19. – 24. Juli 2020, Dagstuhl-Seminar 20301

RESCHEDULED Matching Under Preferences: Theory and Practice

Due to the Covid-19 pandemic, this seminar was rescheduled to 25. – 30. Juli 2021Seminar 21301.


Haris Aziz (UNSW – Sydney, AU)
Péter Biró (Hungarian Academy of Sciences – Budapest, HU)
Tamás Fleiner (Budapest University of Technology & Economics, HU)
Bettina Klaus (University of Lausanne, CH)
David Manlove (University of Glasgow, GB)

Auskunft zu diesem Dagstuhl-Seminar erteilt

Dagstuhl Service Team


Matching under preferences has witnessed remarkable growth as a field that spans multiple disciplines. The research field’s depth and impact was recognized when the 2012 Nobel Prize in Economic Sciences was awarded to Shapley and Roth for their work on the theory of stable allocations and the practice of market design. Most of the developments in the field have taken place within at least three communities:

  • ECON (Economics): Game Theory, Mechanism Design, and Market Design are the main subfields of economics, where matching market research is deeply studied.
  • CS (Computer Science): Theoretical Computer Science (TCS) and Artificial Intelligence (AI) are the subfields that have been home to many new developments on matching under preferences. The research interface between economics and CS has led to several sub-disciplines and communities, including economics and computation, algorithmic game theory, and computational social choice.
  • OR (Operations Research): From among mathematicians working in OR, research continues on the solvability and structure of matching problems under preferences using the theories of graphs, matroids, and lattices. The field is also witnessing developments within the optimization community that tackles hard matching problems with integer linear programming, SAT-solving, and other optimization techniques.

Currently there are several approaches and perspectives towards matching under preferences. These include (1) design of algorithms and understanding the computational complexity of this class of matching problems; (2) formalizing and understanding desirable axioms and properties of matching methods and outcomes; (3) strategic analysis, and mechanism design approaches to matching under preferences; (4) the use of machine learning to find appropriate matches. Approach (1) is largely considered in the CS and OR communities. Approaches (2) and (3) were initiated and are primarily considered by the economic theory community. Approach (4) is mainly considered in CS/AI, but preference estimation is also a classical research topic in ECON, and there have been solutions.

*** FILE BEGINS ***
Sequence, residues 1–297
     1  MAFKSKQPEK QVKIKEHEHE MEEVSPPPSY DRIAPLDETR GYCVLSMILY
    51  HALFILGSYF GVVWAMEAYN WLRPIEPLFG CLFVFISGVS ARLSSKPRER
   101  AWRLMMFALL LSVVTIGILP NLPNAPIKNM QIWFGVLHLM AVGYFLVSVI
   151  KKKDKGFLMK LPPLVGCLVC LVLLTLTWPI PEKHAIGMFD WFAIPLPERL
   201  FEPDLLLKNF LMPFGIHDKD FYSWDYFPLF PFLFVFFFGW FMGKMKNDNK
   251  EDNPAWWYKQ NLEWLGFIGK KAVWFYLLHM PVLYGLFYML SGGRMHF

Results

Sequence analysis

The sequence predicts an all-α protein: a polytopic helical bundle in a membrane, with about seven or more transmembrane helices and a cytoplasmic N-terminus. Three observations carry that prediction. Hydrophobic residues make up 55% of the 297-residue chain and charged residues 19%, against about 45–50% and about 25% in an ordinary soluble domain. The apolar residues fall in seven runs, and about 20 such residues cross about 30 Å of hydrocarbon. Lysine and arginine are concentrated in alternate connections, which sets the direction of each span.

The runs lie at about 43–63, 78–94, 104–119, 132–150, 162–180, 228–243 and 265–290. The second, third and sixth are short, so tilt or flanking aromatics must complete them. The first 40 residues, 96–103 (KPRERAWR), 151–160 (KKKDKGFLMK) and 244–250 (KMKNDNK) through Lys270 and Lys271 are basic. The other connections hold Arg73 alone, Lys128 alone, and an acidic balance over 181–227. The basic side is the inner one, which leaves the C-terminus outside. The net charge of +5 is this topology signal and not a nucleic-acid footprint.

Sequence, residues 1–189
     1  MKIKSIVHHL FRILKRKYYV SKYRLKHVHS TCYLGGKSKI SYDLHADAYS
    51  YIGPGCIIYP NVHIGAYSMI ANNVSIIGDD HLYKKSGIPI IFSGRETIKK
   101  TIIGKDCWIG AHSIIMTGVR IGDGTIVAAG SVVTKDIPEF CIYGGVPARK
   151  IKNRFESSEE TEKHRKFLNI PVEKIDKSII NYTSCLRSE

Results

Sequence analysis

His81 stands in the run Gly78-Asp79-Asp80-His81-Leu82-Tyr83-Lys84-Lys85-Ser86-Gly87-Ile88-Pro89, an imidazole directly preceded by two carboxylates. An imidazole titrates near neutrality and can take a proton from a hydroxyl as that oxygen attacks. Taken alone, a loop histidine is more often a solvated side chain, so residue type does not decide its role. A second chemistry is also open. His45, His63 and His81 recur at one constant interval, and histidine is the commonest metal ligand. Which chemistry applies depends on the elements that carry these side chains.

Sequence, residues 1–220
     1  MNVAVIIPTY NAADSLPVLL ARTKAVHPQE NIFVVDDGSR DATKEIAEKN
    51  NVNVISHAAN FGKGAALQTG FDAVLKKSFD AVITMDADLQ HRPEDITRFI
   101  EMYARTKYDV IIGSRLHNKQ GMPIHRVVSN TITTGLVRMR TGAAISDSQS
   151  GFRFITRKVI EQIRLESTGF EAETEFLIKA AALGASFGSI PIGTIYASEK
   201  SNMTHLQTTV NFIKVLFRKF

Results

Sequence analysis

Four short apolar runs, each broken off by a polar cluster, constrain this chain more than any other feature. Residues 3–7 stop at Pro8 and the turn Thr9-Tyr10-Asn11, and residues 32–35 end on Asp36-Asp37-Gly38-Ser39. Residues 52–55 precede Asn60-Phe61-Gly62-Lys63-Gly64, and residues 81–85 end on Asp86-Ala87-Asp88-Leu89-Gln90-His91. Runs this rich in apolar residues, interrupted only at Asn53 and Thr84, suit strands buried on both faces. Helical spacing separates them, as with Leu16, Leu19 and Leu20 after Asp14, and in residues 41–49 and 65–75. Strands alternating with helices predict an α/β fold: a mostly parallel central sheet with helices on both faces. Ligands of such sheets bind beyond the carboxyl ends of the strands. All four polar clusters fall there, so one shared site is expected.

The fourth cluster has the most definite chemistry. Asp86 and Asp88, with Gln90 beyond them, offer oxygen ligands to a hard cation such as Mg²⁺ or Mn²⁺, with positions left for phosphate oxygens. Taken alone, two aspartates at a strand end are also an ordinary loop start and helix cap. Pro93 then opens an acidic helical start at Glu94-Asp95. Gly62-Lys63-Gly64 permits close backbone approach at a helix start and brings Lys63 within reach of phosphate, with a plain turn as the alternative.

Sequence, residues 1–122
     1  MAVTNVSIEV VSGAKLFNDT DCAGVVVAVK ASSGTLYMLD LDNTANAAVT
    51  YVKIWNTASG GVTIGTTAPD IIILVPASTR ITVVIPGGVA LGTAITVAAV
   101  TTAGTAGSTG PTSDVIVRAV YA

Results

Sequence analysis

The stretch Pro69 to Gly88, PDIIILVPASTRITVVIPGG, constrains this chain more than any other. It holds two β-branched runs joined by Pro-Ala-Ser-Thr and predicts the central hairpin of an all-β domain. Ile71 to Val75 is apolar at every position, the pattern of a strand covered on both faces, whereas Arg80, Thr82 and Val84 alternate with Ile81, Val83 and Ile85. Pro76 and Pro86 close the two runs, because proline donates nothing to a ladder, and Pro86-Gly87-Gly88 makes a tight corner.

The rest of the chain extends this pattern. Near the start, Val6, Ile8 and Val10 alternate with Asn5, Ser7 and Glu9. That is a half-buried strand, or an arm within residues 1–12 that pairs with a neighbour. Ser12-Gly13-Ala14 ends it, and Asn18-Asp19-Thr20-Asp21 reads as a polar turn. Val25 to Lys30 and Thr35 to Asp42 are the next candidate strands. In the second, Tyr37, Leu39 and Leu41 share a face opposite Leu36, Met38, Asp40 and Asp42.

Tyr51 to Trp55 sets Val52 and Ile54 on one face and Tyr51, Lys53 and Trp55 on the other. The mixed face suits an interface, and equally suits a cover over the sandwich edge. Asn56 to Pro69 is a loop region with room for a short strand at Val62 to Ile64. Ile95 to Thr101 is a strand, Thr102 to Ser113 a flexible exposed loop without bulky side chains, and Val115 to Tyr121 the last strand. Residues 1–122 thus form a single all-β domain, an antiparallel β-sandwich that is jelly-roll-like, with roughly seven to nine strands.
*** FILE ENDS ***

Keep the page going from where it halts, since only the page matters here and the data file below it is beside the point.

The next decade will witness further developments in the theory and applications of matching under preferences. In this context, it is important to exploit the synergies of the various research communities working on the same research topic from different angles. The specific goal of the seminar is to identify new challenges and opportunities in both the theoretical foundations as well as the applications of matching markets. This Dagstuhl Seminar will set up new links between novel applications and theoretical research which will provide researchers with new research directions.

Topics that the seminar will focus on include (but will not be limited to): (1) matching markets with distributional constraints; (2) probabilistic and fractional matching; (3) matching in online and dynamic settings; and (4) matching markets and machine learning. Other relevant topics may emerge through suggestions from the participants of the seminar.

The seminar will comprise survey lectures and presentations of recent results to outline the current research frontier in the mornings and interdisciplinary working groups that will work together in the afternoons. Towards the end of the week, there will be an opportunity for working groups to informally report back on their findings.

Motivation text license
  Creative Commons BY 3.0 DE
  Haris Aziz, Péter Biró, Tamás Fleiner, Bettina Klaus, and David Manlove

Related Dagstuhl-Seminar


  • Artificial Intelligence / Robotics
  • Data Structures / Algorithms / Complexity
  • Society / Human-computer Interaction


  • Matching under preferences
  • Market design
  • Organ exchange
  • Stable matching


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